EXAMPLE 2

The same Si substrates and processing procedures were employed as described in Example 1, except that fluorine was introduced by ion implantation. Iron-implanted and rapidly annealed Si wafers were implanted with fluorine at 150 keV and a dose ranging from 51013 ions/cm2 to 51014 ions/cm2. The wafers were further treated in a sintering tube at 600-900 C. in N2 for 30 min to annihilate ion induced crystalline damage and form metal fluorides. DLTS was employed to determine the change in interstitial iron before and after fluorination.

While the above examples have illustrated the embodiments most preferred by the inventors, other variation are envisioned. The semiconductors discussed above employed silicon (Si). However, other semiconductors such as germanium (Ge), a combination of Si and Ge (SiGe), or gallium-arsenide (GaAs) can be used as the semiconductor material.

The invention has been described with reference to a preferred embodiment. However, it will be appreciated that variations and modifications can be effected by a person of ordinary skill in the art without departing from the scope of the invention.

Parts List

5 furnace

6 system

10 O2 source

12 NF3 source

14 N2 source

16 O2 source regulator

18 NF3 source regulator

20 N2 source regulator

22 furnace tube

24 mixing chamber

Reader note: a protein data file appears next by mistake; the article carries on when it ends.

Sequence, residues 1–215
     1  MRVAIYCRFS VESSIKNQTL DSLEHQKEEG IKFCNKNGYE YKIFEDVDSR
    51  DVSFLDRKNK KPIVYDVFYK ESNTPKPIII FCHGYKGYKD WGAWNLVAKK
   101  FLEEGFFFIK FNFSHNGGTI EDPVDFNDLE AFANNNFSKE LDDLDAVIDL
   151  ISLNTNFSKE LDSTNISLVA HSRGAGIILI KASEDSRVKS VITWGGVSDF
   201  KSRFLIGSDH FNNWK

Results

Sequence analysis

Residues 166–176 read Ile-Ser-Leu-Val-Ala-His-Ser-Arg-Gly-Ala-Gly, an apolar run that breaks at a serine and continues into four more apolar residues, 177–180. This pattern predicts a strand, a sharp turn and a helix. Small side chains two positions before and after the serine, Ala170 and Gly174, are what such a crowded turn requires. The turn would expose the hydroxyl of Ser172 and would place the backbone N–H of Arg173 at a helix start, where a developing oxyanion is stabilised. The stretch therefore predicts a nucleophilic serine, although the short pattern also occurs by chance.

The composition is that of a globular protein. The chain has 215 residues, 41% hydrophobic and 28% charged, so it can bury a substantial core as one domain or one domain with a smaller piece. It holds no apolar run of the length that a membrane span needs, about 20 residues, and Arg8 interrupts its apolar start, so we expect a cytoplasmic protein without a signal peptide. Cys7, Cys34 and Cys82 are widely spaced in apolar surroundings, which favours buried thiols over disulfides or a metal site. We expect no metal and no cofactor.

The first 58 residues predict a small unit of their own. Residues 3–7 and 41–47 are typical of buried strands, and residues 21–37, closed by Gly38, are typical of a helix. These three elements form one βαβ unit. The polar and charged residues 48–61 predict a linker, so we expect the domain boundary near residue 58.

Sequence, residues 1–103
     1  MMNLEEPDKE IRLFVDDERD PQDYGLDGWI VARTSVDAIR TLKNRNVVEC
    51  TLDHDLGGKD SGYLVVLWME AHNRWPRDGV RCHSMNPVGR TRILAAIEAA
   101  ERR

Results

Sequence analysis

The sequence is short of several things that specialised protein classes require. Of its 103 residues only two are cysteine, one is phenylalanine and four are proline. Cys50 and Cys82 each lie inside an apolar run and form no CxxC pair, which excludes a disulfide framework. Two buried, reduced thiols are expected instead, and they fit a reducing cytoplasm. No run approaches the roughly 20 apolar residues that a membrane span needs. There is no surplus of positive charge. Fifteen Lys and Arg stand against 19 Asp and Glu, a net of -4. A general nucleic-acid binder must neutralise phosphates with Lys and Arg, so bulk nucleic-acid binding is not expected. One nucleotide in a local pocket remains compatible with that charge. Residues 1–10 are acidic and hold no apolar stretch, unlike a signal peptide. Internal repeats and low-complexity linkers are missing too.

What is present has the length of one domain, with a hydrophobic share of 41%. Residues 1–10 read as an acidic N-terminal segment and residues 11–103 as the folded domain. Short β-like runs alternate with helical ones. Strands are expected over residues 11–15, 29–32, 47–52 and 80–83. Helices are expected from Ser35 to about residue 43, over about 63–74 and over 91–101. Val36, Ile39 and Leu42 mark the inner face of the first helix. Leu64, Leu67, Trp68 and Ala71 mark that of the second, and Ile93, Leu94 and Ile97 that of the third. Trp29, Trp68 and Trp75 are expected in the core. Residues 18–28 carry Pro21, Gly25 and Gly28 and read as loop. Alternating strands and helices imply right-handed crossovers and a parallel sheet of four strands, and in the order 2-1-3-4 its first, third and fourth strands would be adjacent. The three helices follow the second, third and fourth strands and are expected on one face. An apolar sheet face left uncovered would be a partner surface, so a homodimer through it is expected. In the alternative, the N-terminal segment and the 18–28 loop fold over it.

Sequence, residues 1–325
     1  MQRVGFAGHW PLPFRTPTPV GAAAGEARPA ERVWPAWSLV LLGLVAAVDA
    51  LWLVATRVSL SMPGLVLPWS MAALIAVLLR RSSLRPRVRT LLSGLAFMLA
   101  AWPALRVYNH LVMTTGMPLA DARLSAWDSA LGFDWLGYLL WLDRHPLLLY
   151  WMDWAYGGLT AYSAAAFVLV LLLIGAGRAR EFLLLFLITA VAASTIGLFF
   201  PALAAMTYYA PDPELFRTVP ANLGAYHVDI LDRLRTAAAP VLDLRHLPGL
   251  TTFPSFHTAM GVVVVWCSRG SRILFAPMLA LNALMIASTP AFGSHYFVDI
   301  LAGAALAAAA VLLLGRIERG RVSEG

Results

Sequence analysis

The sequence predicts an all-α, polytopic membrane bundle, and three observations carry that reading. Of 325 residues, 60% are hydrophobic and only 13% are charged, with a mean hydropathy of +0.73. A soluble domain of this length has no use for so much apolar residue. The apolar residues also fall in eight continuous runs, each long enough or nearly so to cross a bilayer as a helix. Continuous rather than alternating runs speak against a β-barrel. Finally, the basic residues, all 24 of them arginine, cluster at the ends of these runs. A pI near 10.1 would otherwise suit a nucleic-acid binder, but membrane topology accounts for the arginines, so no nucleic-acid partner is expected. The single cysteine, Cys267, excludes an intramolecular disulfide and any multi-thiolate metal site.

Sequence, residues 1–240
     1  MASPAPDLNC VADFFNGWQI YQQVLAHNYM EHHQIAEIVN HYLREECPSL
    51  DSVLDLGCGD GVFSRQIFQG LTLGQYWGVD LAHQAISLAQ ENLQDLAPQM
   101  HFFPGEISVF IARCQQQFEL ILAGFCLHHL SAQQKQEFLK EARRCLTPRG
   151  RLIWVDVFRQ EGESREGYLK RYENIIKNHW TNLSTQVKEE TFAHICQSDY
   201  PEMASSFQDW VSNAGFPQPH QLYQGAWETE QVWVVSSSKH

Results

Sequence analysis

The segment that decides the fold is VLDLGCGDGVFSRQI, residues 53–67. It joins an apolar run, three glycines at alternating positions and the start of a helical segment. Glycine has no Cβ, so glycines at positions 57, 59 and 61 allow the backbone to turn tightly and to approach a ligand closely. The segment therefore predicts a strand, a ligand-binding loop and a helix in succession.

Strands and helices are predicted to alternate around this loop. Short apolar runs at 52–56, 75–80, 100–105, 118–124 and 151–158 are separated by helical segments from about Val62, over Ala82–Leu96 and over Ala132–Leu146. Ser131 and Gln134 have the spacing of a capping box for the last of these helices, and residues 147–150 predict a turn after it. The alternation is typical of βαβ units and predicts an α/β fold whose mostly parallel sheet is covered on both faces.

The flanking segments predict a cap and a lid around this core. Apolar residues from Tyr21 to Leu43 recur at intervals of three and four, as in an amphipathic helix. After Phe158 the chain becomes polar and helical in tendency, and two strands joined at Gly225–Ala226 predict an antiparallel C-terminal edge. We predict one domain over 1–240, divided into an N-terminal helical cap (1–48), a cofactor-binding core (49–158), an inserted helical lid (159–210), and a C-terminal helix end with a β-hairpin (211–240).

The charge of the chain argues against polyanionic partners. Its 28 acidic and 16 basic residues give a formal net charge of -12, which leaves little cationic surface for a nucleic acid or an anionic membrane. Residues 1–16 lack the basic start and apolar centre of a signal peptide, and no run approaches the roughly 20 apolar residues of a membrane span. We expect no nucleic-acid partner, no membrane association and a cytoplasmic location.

26 heating coils

26 temperature regulator

30 silicon wafers

32 boat

40 silicon wafers prior treatment

42 fluorine treatment via ion implantation

44 fluorine treatment via gaseous mixture

46 heat treatment of wafer

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Referenced by
Citing PatentFiling datePublication dateApplicantTitle
US6730580 *Jul 3, 2001May 4, 2004Taiwan Semiconductor Manufacturing Co., Ltd.Silicon substrate wafer fabrication method employing halogen gettering material and/or plasma annealing
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Classifications
U.S. Classification438/471, 438/477, 438/528, 438/795, 257/E21.318, 438/473, 257/E21.194
International ClassificationH01L21/322, H01L21/28
Cooperative ClassificationH01L21/28176, H01L21/3221
European ClassificationH01L21/28E2C2B, H01L21/322B
Legal Events
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Apr 4, 2003FPAYFee payment
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May 5, 2011ASAssignment
Free format text: ASSIGNMENT OF ASSIGNORS INTEREST;ASSIGNOR:EASTMAN KODAK COMPANY;REEL/FRAME:026227/0213
Effective date: 20110415
Owner name: OMNIVISION TECHNOLOGIES, INC., CALIFORNIA